\sect{The law of mass action for diatomic molecules}
Consider a diatomic AB molecule, where $A$ and $B$ are different spin~0 atoms,
each having a 1-unit atomic mass $\mass_0$.
The length of the molecule is~$a$,
the binding energy is $-\varepsilon_0$,
and the vibration frequency of the bond is~$\omega_0$.
The vibration amplitude is much smaller compared with~$a$.
The temperatures are not low, namely ${ T \gg 1/(\mass_0 a^2) }$,
such that the rotation-spectrum can be treated as a continuum.
For higher temperatures (${T \gg \omega_0 }$) also the vibration-spectrum
can be treated using a classical approximation. \\
In item (3) below we consider Hydrogen $H_{2}$, Deuterium $D_{2}$, and $HD$ molecules.
The respective masses of the atoms are ${\mass_H, \mass_D}$.
Note that the Deuterium nucleus has spin~1.
Assume that neither the energy nor the ``spring constant" of the binding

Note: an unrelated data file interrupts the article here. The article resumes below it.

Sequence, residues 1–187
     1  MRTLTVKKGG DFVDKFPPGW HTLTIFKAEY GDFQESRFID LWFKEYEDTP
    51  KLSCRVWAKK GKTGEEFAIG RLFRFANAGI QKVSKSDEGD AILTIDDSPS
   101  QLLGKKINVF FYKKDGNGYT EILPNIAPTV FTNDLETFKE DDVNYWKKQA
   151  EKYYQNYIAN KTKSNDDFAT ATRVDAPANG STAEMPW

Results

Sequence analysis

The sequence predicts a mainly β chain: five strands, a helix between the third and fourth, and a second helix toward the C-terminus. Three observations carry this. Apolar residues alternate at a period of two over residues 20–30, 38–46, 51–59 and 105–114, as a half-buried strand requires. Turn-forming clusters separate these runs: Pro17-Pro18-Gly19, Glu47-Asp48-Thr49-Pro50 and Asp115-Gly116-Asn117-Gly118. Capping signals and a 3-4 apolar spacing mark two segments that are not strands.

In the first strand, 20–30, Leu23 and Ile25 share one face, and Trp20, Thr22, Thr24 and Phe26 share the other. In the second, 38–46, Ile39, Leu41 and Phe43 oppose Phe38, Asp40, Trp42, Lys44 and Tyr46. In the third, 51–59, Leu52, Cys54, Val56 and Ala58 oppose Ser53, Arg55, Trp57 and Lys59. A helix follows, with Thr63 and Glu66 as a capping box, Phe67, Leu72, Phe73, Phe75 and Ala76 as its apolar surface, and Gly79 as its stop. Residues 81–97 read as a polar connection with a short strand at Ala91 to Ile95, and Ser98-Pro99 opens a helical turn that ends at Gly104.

are affected by the ${H \mapsto D}$ replacement.
\Dn
(1) Find the one molecule partition function $Z^{AB}$ for an AB molecule
that is held in a container that has volume~$L^3$.
Assume that the temperature is not low, but not necessarily high.
\Dn
(2) Write the law of mass action for the reaction ${A+B\leftrightarrow AB}$.
Find an explicit expression for the equilibrium constant $K(T)$
in the high temperature regime.
\Dn
(3) Write the law of mass action for the reaction ${H_{2}+D_{2} \leftrightarrow 2 HD}$.
Express the equilibrium constant $K(T)$
in terms of one-particle partition functions $Z^{C}$,
were $C$ stands for $H_{2}$, and $D_{2}$, and $HD$.
\Dn
(4) Find expressions for the ratio $Z^{C}/Z^{AB}$ in the high temperature regime,
where $A$ and $B$ are distinct spinless atoms
that have the same masses as that of the $C$ constituents.
Explain why the high temperature assumpation is essential in order to get a simple result.
\Dn
(5) What is the explicit result for ${K(T)}$ of item (3) in the high temperature regime?
\Dn
{\bf Tip:} The Hamiltonian of a diatomic molecule consist of center of mass degrees of freedom,
and of a relative motion degrees of freedom. The latter involves the reduced mass ${\mass_A\mass_B/(\mass_A+\mass_B)}$. For intermediate calculations you can use the notation $\alpha$ for spring constant.
%%%%%%%%%%%%%%%%%%%%%%%%%%%%%%%%%%%%%%%%%%%%%%%%%%%%%%%%%%%%%%%%%%%%%%%%%%%%%%%%